One holiday season soon after someone sent him a fourteen-hundred-pound cheese four feet across, and he had it set up in the East Room and cut there at a reception. I could have told “Old Hickory” that the best-brought-up people spill at receptions and trample what they spill, and naturally the Presidential cheese got trampled into the carpets and they say the smell didn’t come out for months.

I’ve always held President Jackson’s cheese responsible for attracting the grand-ancestors of many of our White House pests.

The White House Historical Association/White House History

When Henrietta Nesbitt (1874-1963) first saw the White House on March 4, 1933, she remarked that it resembled “a big wedding cake.” The day was Franklin Delano Roosevelt’s first inauguration as president. The following day Nesbitt became the housekeeper at the White House. Although Mrs. Nesbitt, who was fifty-nine, had never worked as a professional housekeeper before, she was undaunted by the challenge. Her philosophy was that she had been keeping house all her life and it wouldn’t be any different at the White House, just on a larger scale. Little did Nesbitt know that she would spend more than a dozen years managing the nation’s busiest household during the trying times of the Great Depression and World War II.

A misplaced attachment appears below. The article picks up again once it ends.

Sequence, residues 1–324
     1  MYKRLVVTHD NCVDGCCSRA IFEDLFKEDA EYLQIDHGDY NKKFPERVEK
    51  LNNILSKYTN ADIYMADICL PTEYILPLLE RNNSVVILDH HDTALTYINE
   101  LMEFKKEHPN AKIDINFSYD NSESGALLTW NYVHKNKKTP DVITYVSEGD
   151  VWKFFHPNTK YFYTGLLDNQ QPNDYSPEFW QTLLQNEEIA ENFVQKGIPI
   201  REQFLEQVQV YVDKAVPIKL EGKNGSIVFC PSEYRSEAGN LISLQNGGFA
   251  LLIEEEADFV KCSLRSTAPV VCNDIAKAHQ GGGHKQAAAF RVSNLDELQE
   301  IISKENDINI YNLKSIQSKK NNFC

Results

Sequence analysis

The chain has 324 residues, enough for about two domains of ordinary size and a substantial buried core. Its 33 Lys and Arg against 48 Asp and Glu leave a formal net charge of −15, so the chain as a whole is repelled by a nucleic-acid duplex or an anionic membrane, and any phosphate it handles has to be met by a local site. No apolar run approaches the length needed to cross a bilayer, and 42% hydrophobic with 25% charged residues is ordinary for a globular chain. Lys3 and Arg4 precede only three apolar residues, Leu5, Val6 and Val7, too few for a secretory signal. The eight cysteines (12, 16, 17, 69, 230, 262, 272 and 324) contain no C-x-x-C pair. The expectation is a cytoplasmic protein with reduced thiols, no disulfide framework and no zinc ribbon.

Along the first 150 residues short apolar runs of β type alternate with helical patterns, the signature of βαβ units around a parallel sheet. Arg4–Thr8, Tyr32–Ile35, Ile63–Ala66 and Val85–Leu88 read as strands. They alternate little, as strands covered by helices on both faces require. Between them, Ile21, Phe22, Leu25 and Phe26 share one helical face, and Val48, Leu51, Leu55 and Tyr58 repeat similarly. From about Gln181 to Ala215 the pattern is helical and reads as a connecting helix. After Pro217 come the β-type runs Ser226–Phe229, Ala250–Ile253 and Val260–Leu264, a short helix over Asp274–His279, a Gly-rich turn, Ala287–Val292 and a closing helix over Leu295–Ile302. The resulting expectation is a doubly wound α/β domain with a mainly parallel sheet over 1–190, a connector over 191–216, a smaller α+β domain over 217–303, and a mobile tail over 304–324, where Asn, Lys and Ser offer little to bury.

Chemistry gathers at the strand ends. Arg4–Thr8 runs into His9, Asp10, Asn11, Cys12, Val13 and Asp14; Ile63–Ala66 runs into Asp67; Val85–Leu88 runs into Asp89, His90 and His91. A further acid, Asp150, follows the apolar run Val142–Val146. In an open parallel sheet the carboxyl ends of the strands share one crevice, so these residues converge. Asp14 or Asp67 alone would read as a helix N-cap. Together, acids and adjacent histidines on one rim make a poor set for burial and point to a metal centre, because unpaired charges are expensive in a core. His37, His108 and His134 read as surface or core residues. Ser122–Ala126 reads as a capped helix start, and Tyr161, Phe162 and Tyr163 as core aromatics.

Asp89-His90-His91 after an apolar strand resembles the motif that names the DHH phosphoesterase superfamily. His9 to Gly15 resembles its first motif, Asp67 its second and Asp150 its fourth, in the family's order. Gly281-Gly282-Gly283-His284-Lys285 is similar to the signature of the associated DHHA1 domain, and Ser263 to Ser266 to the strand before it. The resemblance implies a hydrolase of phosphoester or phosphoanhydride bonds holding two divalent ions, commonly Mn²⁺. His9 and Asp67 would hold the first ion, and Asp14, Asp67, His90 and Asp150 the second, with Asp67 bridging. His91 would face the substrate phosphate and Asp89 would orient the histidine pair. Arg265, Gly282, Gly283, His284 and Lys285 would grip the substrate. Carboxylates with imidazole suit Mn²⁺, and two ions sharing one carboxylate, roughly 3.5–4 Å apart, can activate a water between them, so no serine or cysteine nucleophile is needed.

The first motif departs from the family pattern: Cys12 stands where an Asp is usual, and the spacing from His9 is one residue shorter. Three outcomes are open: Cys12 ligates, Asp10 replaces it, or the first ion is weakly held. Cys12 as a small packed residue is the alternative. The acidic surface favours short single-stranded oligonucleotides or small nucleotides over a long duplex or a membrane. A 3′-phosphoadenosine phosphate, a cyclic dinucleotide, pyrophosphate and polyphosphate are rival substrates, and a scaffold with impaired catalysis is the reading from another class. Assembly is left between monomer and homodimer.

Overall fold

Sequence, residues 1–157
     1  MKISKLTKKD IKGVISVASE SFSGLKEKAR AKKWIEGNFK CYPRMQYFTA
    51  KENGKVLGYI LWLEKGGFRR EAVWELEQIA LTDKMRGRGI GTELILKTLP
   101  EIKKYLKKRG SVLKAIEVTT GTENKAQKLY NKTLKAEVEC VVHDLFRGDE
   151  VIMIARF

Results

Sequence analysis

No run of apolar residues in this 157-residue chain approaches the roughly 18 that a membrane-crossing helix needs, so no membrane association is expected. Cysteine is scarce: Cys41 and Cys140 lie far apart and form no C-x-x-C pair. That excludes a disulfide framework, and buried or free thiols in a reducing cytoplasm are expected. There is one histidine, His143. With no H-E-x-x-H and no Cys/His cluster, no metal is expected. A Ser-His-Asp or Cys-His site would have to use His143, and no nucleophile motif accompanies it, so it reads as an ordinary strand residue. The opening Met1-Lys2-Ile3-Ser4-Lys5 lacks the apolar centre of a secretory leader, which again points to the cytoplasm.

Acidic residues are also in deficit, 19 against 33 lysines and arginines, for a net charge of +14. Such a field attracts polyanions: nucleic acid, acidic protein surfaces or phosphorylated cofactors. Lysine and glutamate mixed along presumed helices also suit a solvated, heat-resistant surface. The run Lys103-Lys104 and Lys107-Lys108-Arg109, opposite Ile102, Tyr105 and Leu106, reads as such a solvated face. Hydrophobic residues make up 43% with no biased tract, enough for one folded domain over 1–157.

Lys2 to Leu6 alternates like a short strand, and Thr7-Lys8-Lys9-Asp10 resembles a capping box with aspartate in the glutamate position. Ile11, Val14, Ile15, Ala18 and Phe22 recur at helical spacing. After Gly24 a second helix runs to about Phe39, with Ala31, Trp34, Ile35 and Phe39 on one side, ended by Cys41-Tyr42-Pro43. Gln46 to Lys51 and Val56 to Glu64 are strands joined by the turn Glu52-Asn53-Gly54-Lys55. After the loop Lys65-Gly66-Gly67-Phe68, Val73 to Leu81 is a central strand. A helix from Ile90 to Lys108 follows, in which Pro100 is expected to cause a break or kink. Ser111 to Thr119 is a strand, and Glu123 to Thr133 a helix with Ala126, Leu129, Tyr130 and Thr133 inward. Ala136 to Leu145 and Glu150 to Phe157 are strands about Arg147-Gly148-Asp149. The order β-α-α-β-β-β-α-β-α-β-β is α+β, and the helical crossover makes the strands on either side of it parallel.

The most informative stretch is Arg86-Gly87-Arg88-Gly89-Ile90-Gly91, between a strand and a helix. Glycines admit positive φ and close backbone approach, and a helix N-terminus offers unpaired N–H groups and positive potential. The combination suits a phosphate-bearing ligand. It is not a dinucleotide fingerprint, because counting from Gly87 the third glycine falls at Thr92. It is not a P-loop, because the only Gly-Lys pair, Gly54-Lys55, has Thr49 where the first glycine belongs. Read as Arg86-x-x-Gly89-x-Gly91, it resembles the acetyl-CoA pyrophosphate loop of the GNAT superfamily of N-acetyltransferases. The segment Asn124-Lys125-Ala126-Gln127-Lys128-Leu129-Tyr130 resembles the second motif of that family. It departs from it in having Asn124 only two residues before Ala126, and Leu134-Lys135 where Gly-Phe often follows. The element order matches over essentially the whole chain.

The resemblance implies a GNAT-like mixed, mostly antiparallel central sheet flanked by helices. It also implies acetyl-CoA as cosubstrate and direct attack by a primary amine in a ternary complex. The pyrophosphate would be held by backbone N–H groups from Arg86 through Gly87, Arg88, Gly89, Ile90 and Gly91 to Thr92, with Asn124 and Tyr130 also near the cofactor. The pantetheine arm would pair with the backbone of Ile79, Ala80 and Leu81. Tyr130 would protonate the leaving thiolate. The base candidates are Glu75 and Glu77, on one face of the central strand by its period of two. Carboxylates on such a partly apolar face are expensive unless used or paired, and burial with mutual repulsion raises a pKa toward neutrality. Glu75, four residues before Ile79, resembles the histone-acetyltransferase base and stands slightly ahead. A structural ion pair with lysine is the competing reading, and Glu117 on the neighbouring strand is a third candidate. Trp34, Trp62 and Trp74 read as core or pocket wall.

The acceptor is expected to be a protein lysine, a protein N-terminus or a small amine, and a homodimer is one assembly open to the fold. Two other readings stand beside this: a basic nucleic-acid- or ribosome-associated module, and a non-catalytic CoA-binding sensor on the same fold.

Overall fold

Henrietta and her husband, Henry F. Nesbitt, had been neighbors of the Roosevelts in Hyde Park, New York. Eleanor Roosevelt and Nesbitt met through the formation of a local chapter of the League of Women Voters. Mrs. Roosevelt, heavily involved in her husband’s campaign for governor of New York, asked Nesbitt to make baked goods for the Roosevelt’s growing social functions at Hyde Park. When Franklin Roosevelt was elected to the White House in 1932, Mrs. Roosevelt asked both Nesbitts to work for them in the White House. Henry Nesbitt tracked the household accounts as chief steward. Two sets of books had to be kept as the government only paid for state dinners and receptions; all other meals were charged to the Roosevelts. After Henry Nesbitt’s death in 1938, Mrs. Nesbitt took over these duties with the help of an assistant.